India’s Rihanna and Ganesha Syndrome

internet surveillance

You can call it the ‘Rihanna and Ganesha Syndrome’ – the inability of some folks to focus upon the truly divine and get easily distracted by imaginary demonesses.

In India this translates into the country’s ruling elite frothing at the mouth about completely trivial issues, while ignoring life and death questions that threaten the very existence of the Indian Republic.

For those who came in a bit late, the R&G syndrome refers to a recent tweet of the singer and fashion icon Rihanna, showing her wearing nothing more than a pendant with the image of Lord Ganesha[i]. The idea of their favourite deity swinging from the neck of a topless pop star incensed some Hindu organisations and Indian ruling party politicians, who accused her of mocking their religion.

If one thinks of it carefully though, the spiritual inclinations of those feigning outrage are highly suspect. After all, what any real devotee really needed to do when confronted with such a provocative picture was to just calmly meditate on the Lord, instead of letting his eyes wander anywhere else.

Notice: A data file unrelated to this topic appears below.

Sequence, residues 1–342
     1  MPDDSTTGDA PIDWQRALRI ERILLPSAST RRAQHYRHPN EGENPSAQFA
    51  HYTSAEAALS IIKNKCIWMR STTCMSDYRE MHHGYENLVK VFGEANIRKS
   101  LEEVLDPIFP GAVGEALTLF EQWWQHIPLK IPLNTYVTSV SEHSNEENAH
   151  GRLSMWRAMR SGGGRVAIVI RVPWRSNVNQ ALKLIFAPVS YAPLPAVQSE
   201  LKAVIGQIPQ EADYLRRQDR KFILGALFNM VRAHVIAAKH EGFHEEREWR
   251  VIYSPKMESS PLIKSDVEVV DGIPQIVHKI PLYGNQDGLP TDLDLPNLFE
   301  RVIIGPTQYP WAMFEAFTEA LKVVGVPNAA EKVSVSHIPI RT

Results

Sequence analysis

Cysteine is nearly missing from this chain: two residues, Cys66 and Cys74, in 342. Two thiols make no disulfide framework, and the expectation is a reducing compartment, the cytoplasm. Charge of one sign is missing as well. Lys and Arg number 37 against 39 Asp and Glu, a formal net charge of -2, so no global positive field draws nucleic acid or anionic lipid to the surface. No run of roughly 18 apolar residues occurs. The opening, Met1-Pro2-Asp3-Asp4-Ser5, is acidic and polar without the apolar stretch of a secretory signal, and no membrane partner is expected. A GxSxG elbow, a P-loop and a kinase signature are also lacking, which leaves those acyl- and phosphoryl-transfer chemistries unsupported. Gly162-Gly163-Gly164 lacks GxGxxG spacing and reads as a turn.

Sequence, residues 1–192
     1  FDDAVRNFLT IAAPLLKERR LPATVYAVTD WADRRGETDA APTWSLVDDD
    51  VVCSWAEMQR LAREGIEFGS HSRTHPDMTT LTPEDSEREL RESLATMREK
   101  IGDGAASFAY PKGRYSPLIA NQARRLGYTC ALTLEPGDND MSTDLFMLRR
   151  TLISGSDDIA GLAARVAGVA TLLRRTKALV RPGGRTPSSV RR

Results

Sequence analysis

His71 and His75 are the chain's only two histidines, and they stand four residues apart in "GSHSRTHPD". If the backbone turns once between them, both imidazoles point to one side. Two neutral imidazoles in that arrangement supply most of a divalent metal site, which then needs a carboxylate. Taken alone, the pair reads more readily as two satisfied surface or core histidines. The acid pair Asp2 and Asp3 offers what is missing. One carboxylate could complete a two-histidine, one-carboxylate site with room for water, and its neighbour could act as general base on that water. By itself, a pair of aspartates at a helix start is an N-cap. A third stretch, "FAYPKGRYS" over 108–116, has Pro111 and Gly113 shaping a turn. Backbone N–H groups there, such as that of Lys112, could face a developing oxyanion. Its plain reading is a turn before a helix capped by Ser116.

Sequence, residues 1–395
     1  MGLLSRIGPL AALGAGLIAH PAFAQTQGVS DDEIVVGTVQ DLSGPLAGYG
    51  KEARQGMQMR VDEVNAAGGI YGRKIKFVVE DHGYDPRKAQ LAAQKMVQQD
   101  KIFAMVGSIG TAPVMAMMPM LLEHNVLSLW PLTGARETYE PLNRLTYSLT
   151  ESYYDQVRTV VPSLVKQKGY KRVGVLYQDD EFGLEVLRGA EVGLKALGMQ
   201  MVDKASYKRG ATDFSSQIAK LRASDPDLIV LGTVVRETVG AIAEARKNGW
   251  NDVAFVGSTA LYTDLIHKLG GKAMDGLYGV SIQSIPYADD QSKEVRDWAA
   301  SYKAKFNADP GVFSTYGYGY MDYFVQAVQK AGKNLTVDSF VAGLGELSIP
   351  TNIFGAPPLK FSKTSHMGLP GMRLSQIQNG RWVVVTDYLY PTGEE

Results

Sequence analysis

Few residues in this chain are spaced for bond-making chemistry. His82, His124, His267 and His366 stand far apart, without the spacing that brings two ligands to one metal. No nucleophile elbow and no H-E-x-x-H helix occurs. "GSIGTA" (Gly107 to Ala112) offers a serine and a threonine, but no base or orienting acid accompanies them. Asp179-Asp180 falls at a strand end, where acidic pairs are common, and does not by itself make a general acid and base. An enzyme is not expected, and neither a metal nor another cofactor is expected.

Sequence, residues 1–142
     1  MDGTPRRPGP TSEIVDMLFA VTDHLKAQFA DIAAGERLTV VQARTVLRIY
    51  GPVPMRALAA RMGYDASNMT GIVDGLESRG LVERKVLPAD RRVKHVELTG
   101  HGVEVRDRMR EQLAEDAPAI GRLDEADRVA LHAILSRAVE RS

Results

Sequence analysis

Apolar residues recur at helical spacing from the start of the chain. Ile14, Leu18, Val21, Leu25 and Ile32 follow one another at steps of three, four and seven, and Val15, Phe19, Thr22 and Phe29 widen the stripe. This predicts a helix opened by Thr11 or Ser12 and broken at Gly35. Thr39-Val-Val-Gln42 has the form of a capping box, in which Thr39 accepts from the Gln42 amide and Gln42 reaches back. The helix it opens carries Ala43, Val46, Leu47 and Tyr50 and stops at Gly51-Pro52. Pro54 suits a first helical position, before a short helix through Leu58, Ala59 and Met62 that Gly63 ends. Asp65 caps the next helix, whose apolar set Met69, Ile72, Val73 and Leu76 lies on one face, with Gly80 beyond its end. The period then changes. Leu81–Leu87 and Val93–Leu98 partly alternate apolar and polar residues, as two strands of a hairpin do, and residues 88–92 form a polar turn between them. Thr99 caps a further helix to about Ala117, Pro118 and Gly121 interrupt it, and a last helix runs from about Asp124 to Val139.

Doing so could perhaps have helped the bhakts imbibe some of Ganesha’s key qualities – wisdom, generosity and the ample ability (thanks to his big ears) to hear other points of view. However, to expect even this level of genuine spiritual attention seems to be too much to ask for in today’s India, where the differences between the truly devout and the common lout have been blurred by the rise of a highly politicized pseudo-religiosity.

Everyone in India now, from the clerk to the corporate tycoon, wraps a saffron scarf around his own neck, with the sole intention of using it to wring someone else’s at first chance. We are now deeply into a culture where nobody knows or cares about what is really sacred anymore. Every heinous act – lying, cheating, even murder and pillage –  can be justified by simply contrasting it with an official list of alleged insults – all attributable to an ‘enemy’.